Finding the Correct Distance From your TV


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Sitting at the correct distance from your TV is the difference between a great night in and aching eyes. Being at the correct distance from your TV keeps you from perceiving pixels and jagged edges. It protects your eyes from strain, which often manifests as tearing eyes and headaches.

There are better ways to boost your productivity than making yourself uncomfortable as you try to binge-watch your favorite show. So, go ahead and find the correct distance from your TV and find a life hack to help you tackle your to-do list.

This article takes you through the different considerations that go into the correct placement of a TV in a room.

The correct distance from your TV: Is it that important?

In a word, yes. You need to take care of your eyes at all times, more so if you spend a chunk of your time staring at screens. In today’s world, you’ll often find yourself switching between a phone screen, a laptop and the TV. This could happen throughout your day.

That’s why your devices should be comfortable. Phone and laptop screens are small, which allows manufacturers to achieve a screen that does not pixelate with limited resolution. The screens of mobile devices are also designed for comfortable viewing at a relatively close range.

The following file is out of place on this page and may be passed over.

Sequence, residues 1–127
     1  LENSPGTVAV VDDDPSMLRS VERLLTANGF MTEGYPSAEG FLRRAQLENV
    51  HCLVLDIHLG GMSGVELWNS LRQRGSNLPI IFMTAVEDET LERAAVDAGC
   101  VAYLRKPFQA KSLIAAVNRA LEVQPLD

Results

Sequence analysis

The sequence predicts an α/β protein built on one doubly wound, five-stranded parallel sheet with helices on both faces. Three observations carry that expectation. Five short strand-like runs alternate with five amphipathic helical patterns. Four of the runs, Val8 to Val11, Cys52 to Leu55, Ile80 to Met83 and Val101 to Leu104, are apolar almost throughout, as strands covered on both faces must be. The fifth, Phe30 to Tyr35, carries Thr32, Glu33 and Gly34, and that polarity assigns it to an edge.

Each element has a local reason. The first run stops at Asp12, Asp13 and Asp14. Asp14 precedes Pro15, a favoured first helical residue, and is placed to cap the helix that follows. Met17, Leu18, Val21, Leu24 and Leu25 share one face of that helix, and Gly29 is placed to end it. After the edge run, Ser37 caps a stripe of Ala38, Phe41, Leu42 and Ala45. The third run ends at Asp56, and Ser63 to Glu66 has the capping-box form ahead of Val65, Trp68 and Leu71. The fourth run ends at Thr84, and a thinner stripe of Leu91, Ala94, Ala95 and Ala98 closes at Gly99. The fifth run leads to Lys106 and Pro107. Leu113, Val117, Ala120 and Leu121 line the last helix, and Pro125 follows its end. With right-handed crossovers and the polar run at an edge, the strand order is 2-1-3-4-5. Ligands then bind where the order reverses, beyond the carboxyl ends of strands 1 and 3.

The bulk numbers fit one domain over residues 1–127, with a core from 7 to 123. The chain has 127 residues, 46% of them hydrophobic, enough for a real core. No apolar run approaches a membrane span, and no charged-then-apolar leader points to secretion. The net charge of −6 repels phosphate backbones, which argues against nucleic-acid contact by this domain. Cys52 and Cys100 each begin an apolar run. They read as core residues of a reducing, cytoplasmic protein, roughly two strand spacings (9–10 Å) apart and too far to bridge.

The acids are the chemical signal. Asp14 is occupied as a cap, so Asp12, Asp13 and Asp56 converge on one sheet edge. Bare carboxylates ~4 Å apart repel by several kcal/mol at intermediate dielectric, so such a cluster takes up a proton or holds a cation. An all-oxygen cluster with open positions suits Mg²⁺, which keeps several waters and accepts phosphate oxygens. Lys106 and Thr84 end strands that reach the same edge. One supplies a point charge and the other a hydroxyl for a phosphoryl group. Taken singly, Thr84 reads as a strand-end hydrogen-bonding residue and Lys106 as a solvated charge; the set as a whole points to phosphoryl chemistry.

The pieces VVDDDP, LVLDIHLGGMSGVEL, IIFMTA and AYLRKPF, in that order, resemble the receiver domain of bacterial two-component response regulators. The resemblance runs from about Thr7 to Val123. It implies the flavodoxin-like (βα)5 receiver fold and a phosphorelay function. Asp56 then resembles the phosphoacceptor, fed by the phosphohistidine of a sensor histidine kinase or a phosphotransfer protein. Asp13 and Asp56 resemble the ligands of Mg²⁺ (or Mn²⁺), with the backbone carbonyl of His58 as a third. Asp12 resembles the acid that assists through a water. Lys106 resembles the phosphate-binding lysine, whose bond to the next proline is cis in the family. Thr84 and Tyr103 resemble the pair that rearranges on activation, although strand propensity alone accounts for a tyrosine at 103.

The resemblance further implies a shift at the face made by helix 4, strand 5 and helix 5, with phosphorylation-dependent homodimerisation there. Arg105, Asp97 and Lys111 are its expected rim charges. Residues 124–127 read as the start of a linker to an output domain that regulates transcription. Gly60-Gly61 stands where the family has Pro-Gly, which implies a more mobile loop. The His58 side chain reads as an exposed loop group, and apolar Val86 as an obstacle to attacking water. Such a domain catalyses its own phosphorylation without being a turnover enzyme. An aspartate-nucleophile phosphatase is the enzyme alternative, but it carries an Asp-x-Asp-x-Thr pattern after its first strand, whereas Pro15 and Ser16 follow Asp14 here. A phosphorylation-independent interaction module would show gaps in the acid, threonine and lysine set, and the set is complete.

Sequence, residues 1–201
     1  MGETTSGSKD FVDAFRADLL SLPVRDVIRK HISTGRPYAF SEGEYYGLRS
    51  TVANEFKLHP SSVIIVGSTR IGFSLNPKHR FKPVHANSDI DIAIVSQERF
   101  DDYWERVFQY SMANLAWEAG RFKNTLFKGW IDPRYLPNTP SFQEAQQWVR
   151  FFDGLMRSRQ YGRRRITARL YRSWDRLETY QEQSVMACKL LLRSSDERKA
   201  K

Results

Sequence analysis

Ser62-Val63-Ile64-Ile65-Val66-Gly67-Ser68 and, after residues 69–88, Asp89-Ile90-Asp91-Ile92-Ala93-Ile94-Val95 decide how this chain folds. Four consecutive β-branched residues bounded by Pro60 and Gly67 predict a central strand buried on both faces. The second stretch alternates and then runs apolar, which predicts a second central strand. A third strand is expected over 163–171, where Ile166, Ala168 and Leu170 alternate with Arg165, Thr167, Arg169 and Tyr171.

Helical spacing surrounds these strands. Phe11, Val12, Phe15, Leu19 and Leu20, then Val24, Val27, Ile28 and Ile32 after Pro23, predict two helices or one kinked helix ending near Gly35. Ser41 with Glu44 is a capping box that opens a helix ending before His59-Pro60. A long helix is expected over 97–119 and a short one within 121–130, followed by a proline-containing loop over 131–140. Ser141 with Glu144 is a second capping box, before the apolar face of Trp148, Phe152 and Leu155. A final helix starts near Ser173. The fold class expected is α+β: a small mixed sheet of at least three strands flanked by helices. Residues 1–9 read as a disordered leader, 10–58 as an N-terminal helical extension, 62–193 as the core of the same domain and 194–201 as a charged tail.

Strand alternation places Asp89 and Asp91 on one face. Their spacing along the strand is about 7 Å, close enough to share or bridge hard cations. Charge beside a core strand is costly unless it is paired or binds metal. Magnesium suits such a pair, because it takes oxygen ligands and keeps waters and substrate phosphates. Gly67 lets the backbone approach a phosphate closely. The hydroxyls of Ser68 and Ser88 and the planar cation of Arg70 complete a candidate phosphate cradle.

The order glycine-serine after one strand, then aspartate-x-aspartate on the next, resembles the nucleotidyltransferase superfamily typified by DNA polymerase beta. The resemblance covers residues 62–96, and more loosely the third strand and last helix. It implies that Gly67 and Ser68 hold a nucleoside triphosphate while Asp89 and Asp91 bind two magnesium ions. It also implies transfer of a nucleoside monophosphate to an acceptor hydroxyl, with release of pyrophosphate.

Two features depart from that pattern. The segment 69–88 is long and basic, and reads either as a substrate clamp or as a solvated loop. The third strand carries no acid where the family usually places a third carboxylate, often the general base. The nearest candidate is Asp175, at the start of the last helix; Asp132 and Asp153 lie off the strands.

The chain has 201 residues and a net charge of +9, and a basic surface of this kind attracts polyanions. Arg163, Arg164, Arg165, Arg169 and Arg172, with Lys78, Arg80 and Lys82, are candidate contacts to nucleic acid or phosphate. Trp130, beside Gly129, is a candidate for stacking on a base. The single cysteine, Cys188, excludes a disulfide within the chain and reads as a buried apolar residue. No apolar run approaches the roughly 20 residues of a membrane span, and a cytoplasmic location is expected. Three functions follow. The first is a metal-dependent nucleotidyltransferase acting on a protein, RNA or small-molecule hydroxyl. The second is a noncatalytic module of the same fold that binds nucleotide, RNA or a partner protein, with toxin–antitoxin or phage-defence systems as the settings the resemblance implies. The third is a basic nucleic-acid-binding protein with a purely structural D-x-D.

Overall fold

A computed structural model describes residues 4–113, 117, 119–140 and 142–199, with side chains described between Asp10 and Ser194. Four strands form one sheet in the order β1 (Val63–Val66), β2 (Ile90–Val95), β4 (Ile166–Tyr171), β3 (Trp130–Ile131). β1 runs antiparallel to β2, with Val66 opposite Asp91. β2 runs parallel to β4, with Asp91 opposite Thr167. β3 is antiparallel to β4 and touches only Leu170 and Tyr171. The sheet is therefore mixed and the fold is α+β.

Television screens are a different matter. By design, TV sets are bigger than most devices that have displays. Only digital signage and billboards match televisions in terms of scale. TVs also produce more heat. They require much higher resolution compared to smaller devices.

These factors affect how close you can comfortably sit in front of the TV. There are more considerations that determine the correct distance for TV viewing.

The correct distance for TV viewing: Does one size fit all?

There’s no magical number that will tell you how far or how close to the television your couch needs to be. The ideal distance is the result of a calculation that’s based on information like the correct size TV for room and the correct size TV for viewing distance.

You need to start at the beginning, meaning that you should check if your TV and the room it sits in match, in terms of size.

The link between the size of a room and the size of a TV

Pleasing aesthetics almost always require proportion. This means that you can’t buy a giant 88-inch TV for a small kitchen. In the same vein, a large room would look a little strange if you install a miniscule screen; more so when you have guests over for movie night.

It’s all about making good use of your space. Your TV should not cause crowding or clutter. It shouldn’t take over the entirety of your space. Neither should a television fail to take center stage in your entertainment nook. To strike this balance, use the following handy tips the next time you arrange your space or go shopping for a TV:

1. Take your existing entertainment center into account

If you’re comfortable with your current setup and you’re looking to get a new TV, then some aspects of this arrangement are worth keeping. Take stock of the dimensions of your TV stand or cabinet if that’s where your current television sits. The measurements will determine how long and how high a prospective TV needs to be.